Piano Duets and Co-regulation

8
May

Piano Duets and Co-regulation

 

As I observed my son’s piano lesson this afternoon the concept of co-regulation came to mind. He had practiced a song this past week and after he played it for his teacher she suggested they play the duet together. She joined him at the piano and they played the song together – my son doing the part he had practiced and his teacher doing the more difficult part. The thing about a duet is that both people have to be playing their part in a synchronized way with the other. If one person plays their part without any regard for what the other person is doing it is very unlikely that the song will sound like it’s supposed to. In fact, it will probably end up sounding like two people playing two totally different songs at the same time.

The essence of playing a duet is co-regulation – each person has a role to play and there must be continuous awareness of what the other is doing. They must check with each other for readiness to start and to stop. Each must constantly monitor their tempo / pace in relation to the other. Each must continuously check their volume in relation to the other. If one person fails to do their part and takes off on their own, one of two things happens. Either the other person constantly adjusts their actions to stay coordinated or the entire thing falls apart. I noticed this with my son and his teacher today. He is only 7-years old and has been taking lessons for about 7 months, so he is not very good yet at monitoring lots of things at once when playing. His teacher recognizes this so she makes sure to regulate her playing around what he is doing. If he loses his place for a moment she pauses her playing to wait for him to get back on track. If he starts playing faster she speeds up to match his pace. She knows that with practice he will get better at knowing how to do his part and also monitoring what she is doing so they can each share the responsibility of staying in synch with each other. Sometimes she doesn’t change her pace and lets him finish well before her – and he learns that people can get out of synch and that he needs to change something when that happens. He will continue to become competent at taking more shared responsibility for maintaining the co-regulation of duets by practicing with her and making these discoveries. She will continue to let him experience success for the most part, but just enough difficulty to allow him to learn something.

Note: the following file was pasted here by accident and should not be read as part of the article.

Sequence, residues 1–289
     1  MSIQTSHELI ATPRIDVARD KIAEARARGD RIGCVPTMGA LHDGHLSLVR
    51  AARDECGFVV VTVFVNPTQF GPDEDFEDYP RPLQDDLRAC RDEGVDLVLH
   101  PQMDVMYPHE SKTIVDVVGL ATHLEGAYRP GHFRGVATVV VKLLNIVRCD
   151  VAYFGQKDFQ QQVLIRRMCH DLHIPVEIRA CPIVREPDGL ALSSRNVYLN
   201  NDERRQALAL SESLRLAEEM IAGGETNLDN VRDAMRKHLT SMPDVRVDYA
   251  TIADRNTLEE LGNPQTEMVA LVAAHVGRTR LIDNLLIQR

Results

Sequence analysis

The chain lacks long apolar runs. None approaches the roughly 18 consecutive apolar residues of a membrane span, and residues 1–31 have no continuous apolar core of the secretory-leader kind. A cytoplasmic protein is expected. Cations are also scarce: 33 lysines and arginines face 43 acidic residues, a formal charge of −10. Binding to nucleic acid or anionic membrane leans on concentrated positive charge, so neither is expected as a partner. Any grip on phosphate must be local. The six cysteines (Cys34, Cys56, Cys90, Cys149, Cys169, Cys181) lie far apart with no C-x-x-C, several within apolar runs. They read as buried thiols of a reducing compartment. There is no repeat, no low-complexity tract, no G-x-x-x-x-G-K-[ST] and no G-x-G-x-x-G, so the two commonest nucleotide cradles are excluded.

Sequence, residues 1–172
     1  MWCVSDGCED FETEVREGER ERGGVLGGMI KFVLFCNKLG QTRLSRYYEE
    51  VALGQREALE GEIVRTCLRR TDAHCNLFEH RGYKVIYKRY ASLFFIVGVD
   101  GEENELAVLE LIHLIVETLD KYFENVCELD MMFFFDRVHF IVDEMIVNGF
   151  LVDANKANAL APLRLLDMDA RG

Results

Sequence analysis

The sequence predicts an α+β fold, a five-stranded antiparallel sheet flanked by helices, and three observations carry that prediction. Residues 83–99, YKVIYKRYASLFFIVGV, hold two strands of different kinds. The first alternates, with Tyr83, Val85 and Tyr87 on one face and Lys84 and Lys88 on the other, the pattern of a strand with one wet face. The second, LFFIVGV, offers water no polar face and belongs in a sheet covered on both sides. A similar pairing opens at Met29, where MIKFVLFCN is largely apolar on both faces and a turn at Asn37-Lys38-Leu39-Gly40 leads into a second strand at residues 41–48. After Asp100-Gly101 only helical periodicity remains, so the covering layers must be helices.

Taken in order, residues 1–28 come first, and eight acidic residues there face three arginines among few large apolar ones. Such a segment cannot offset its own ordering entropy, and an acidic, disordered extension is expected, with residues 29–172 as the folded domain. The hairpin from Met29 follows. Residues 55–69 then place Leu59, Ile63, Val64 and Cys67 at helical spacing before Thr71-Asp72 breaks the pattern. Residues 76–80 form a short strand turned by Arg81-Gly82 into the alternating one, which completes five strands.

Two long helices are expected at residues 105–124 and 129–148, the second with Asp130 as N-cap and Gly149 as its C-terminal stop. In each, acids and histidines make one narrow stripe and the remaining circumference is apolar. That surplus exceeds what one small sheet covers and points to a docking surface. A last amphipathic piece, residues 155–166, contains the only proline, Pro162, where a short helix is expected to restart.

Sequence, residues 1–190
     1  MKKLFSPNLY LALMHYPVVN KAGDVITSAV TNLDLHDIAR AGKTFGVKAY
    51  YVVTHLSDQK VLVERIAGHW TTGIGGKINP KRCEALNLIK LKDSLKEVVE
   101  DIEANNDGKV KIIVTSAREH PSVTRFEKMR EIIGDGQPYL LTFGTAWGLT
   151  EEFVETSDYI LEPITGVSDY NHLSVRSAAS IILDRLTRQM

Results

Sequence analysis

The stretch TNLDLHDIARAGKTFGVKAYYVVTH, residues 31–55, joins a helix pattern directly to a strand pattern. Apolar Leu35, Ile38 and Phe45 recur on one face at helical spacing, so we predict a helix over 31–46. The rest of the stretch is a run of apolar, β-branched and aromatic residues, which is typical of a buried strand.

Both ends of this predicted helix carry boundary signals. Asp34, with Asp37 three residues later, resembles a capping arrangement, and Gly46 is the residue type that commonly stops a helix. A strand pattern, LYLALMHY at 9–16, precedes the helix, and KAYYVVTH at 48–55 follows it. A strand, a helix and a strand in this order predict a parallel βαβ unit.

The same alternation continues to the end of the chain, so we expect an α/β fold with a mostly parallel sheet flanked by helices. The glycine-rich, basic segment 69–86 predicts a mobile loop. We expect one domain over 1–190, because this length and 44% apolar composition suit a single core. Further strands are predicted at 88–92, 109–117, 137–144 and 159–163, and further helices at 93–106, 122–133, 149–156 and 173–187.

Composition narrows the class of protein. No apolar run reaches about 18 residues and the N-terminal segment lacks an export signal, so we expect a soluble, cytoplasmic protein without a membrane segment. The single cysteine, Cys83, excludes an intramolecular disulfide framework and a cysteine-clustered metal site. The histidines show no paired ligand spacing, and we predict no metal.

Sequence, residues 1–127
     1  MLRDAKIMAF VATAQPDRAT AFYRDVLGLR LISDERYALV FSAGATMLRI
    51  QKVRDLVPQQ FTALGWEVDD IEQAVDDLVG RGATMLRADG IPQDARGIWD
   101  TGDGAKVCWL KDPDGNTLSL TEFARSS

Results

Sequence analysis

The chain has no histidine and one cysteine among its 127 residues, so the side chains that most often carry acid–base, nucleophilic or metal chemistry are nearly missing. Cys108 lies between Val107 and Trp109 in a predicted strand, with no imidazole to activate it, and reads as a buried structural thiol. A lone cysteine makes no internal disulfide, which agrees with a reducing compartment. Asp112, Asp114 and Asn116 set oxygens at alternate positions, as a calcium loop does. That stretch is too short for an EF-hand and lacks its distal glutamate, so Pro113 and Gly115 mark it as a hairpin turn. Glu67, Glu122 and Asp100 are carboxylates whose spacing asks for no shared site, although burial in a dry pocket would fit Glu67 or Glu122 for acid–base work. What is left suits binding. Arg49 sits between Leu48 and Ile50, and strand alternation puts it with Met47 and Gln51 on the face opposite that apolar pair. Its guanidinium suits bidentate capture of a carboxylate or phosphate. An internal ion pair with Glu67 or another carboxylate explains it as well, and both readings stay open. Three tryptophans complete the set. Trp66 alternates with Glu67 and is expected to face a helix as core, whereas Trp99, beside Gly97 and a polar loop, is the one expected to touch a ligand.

This is the same process we use to help our children learn about co-regulation within any activity. This is a critical concept for remediation and we need to be working on it in everything we do with our kids on the autism spectrum. They need to learn about co-regulation – not just you and I both doing something in the same place at the same time, but true co-regulation where we both have a shared responsibility to make things work. As parents we need to balance carefully between modifying our own actions enough that we can experience success together, but not so much that the child has no recognition of the importance of continuous monitoring of us in relation to what they are doing. The next time you are doing something with your child think about the piano duet. How much are we both doing to contribute to the success of this? If I stopped modifying my actions in response to what s/he is doing would the whole thing fall apart? What kind of discovery can I help my child make about his/her own actions in relation to mine?

Until next week,
Nicole

Comments

  • Sue, Huntington Woods, MI
    May 14, 2007

    Hi! This is Sue from the Detroit area… Annie is 8, she has been taking piano for 3 years and we’ve been involved with RDI the same amount of time. She’s in Stage 5 (the original Stage 5). Coincidently, at the recital yesterday (she played and sang an accompanment piece), I said to my husband, Jim, that I thought she should play the accompaniment while someone else sings for the next recital in January..since we were heading toward co-regulation and even seeing some glimpses now. Duet is another good possibility, too! We do a program called Simply Music, which has been very complementary to RDI. Maybe we should get a small group together at the Annual Conference whose kids take piano and brainstorm ideas for encorporating the piano??? It has been a wonderful thing to see her move from being less concerned about the piano and much more concerned about the audience!!! Sue

Leave A Reply

Your email address will not be published. Required fields are marked *